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Lecture 2

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Lecture 2

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  1. Lecture 2 Japanese Ghosts

  2. Review: How do you become a ghost? • 1. Die a sudden or violent death, accidental (eg. drowning) or murder • 2. Die with deep passion in your heart (in Buddhism, regardless whether good emotions or bad emotions) • 3. Leave unfinished business to attend to • 4. The proper religious rituals haven't been performed

  3. What happens if any of these four things occur? • Tama will not proceed as it should towards becoming a Kami or Buddha, but instead remains tied to this world, to the suffering of the flesh. • The tama, no longer attached to a living being, but not deified and enlightened either, becomes what we would call a ghost, caught between two worlds.

  4. The mechanism by which ghosts come into existence stays pretty much the same throughout Japanese history (and actually stays pretty consistent across cultures) • However, what ghosts look like and how they are pacified is culturally specific and even within Japan changes a lot from 800.C.E. to the 20th century.

  5. What do ghosts mean? • Ghosts and other supernatural beings both in the premodern and modern period, in the West and in Asia, dramatically reenact both publicly and privately the failure of political, social, and religious structures.

  6. Ghosts as expression of cultural anxieties •  So one thing we think about when we see a ghost is: what is going wrong in society? • e.g. How do ghosts relate to contemporary anxieties and fears?

  7. Critical Analysis: Analyzing Ghost Stories 1) Who is the author/creator? Male or female? Socio-economic class? 2) Who is the patron responsible for having the image/story created? 3) Who is the intended audience? Male or female? Socio-economic class?

  8. 4) What is the religious belief system and historical context framing it? • For example: • Christian attitude toward ghosts • Japanese religion’s attitude toward ghosts

  9. 5) How is the story or image supposed to affect that audience; i.e. what is the goal of the story? Didactic? Entertainment? 6) Are there any political and economic issues at stake? Who benefits from this version? 7) Genre: History? Fiction? Play? Image? Anime? Movie?

  10. Encouraging Critical Thinking • How are images and stories being used to manipulate people? • How do ghosts and the supernatural relate to contemporary anxieties and fears? • X Files (paranoia: the truth is out there) • Alien abduction • Horror movies (“Last Girl” phenomenon)

  11. Function of Angry Ghosts in 9th-11th c. Japan 1) Explanatory (rational, “scientific”) 2) Political issues/class oppression 3) Issues of gender oppression 4) Religious Issues

  12. Explanatory Function • Natural disasters • Epidemic and individual disease

  13. Political Situation in 9-11th c. Japan (Heian period) • How does political situation contribute to development of belief in angry ghosts? • Heian aristocratic politics • Northern branch of the Fujiwara clan killing off their rivals • What are political rivals likely to become?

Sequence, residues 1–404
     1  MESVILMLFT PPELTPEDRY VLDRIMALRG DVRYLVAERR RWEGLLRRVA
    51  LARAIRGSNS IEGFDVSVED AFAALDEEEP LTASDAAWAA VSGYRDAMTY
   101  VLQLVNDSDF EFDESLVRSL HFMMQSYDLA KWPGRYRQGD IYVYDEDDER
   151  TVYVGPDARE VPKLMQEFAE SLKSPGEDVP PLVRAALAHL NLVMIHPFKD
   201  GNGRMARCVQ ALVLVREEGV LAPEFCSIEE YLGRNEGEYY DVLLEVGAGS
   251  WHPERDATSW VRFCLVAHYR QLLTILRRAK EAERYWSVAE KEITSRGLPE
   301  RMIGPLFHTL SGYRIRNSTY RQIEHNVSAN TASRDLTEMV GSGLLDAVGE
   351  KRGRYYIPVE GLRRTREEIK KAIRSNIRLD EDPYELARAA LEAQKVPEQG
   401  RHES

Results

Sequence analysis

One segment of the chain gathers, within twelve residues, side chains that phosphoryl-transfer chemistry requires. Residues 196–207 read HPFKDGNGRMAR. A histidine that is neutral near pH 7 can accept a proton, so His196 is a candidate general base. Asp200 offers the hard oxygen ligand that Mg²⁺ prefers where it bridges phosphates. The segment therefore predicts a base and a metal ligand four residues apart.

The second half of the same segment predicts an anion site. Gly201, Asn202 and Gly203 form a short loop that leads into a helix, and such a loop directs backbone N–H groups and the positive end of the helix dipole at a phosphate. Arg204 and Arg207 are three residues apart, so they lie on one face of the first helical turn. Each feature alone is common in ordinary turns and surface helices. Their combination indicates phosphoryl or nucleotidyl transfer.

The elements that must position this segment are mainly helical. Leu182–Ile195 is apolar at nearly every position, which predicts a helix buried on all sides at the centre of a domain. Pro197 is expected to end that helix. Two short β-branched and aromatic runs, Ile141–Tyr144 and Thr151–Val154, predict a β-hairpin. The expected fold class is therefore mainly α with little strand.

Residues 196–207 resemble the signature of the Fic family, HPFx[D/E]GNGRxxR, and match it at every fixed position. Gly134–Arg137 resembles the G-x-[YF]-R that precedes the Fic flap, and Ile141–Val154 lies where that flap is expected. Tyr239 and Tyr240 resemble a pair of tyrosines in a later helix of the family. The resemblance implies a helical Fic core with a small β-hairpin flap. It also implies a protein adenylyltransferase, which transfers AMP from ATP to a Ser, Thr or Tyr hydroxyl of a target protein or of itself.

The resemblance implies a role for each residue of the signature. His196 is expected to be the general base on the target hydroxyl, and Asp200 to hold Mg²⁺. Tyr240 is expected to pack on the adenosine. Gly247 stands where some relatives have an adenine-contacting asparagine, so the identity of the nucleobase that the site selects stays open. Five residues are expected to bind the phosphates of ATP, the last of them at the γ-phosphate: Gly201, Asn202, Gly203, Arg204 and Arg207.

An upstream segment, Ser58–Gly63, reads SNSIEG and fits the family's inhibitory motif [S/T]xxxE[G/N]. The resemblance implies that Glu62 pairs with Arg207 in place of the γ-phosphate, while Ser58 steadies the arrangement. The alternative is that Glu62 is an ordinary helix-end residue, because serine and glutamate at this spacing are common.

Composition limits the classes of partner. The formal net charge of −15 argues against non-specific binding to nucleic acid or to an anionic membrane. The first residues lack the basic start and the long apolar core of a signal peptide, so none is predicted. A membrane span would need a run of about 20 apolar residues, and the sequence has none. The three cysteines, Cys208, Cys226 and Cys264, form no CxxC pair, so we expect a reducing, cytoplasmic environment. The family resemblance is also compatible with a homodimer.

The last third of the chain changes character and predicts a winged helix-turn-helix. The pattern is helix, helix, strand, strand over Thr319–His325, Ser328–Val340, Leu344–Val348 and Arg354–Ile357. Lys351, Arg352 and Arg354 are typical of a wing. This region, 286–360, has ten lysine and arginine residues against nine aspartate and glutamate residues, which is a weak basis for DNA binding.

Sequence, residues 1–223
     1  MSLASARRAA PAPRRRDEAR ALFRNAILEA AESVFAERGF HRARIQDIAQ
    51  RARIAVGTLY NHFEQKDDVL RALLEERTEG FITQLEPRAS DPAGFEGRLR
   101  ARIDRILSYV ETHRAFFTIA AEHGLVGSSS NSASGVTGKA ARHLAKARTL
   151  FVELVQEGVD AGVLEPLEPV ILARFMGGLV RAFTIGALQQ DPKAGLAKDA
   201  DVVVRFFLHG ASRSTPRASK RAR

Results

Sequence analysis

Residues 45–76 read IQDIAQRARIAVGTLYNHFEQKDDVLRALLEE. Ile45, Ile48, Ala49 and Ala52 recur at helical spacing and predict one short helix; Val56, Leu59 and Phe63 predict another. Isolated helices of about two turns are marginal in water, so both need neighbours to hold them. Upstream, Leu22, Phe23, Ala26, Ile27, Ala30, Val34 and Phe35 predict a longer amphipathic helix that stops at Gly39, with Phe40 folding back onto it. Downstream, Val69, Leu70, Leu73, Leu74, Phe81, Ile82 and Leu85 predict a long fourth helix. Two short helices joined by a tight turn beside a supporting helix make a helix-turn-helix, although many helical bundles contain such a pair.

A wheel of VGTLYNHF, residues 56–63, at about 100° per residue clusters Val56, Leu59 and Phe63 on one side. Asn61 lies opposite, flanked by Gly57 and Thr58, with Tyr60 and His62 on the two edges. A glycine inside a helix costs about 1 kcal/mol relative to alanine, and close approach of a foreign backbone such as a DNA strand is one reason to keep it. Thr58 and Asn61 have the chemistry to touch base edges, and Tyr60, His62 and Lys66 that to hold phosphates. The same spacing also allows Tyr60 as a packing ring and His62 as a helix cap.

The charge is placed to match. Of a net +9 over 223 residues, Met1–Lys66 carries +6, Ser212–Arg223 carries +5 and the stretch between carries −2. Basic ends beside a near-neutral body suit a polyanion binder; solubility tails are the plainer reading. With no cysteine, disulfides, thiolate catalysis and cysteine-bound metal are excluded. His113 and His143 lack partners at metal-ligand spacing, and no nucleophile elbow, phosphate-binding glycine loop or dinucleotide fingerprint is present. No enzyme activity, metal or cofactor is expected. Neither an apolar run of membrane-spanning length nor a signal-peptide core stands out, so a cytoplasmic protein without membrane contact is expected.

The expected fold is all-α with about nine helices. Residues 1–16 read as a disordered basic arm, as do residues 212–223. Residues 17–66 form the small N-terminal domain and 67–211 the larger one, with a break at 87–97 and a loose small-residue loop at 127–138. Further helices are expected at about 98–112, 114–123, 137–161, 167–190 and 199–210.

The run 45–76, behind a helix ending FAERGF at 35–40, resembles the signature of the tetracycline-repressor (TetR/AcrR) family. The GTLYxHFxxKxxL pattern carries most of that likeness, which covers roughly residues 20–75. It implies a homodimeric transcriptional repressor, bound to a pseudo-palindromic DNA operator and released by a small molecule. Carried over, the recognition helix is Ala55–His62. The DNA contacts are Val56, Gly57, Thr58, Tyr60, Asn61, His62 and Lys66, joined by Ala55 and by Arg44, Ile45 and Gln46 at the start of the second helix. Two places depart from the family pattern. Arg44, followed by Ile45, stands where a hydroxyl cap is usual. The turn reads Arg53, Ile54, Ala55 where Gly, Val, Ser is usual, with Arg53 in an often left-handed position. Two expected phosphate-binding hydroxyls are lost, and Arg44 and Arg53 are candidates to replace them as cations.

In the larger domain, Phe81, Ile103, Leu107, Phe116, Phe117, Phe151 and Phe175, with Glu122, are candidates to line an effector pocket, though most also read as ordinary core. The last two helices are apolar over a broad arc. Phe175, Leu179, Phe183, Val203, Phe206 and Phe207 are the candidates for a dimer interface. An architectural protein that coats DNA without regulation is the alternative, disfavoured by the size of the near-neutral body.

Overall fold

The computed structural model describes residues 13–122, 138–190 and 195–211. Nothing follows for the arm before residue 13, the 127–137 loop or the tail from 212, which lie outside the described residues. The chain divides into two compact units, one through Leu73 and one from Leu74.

14. Social Situation of 9-11th c. Japan • Urbanization • Social problems • Overcrowding • Bad water (cholera) • Malnutrition • Increase in crime

  15. Political Function of Angry Ghosts • How did angry ghosts and disease deities become tied to social protest/unrest? • One reason: underlying belief in harmony between virtuous ruler and state of nature • "Disasters of all kinds were a barometer of social injustices" (Neil McMullin)

  16. Second reason for ghosts being tied to problems in political and social context: • Ghosts hold grudges • So they are often used as symbols of political rebellion and subversion

  17. Angry ghosts become rallying points for protest • Peasant rebellions • Peasant martyrs as angry ghosts • e.g. Sakura Sôgorô • Exiled/murdered aristocrats • Used by aristocratic families opposing the ruling faction

  18. Examples of Exiled Aristocrats • Prince Sawara (died 785) • Sugawara no Michizane (died 903) • First raijin (thunder deity) • After pacification: Tenman Tenjin

  19. How Ghosts Get Power • Two major correlates to power in ghosts: • 1) The level of political ranking in life • 2) The level of anger just before death • The more public political power they control in life, the more dangerous they are to the general public after death. • Sugawara no Michizane (845-903): very high ranking minister, died in exile • Became God of Thunder after death; caused epidemics, earthquakes etc. • Eventually was pacified as Tenma Tenjin, the deity of scholarship

  20. Social Issues: Oppression of Women • Female ghosts often represent suppressed anger about how society treats women • Female ghosts who appear battered and disfigured reveal the mistreatment of women (e.g. Oiwa) • Women who have been abandoned by their husbands can turn into very horrific, vengeful ghosts. • Anxiety about pregnancy

  21. Power and Gender • Women rarely have political power • Therefore female ghosts are not usually understood as causing disasters on a national level, but tend to cause problems only for the men who mistreated them. • Nevertheless, they can become voices of dissent within the narrower realm of gender politics

  22. Summary • In 9-12th century Japan, angry ghosts function in a number of useful ways to deal with social and political issues • Next section: look at examples from 10th century and 15th century Japan to see how female ghosts were functioning in premodern Japanese society

  23. Lady Rokujô of The Tale of Genji: historical context • Written around 1000 C.E. • Society: about 10,000 literate aristocrats living in Kyoto. • Social structure: Polygamy (men can have as many wives and mistresses as they wish or as many as they can afford) • Women sit at home waiting for their husbands or lovers to come visit them (very passive and frustrating)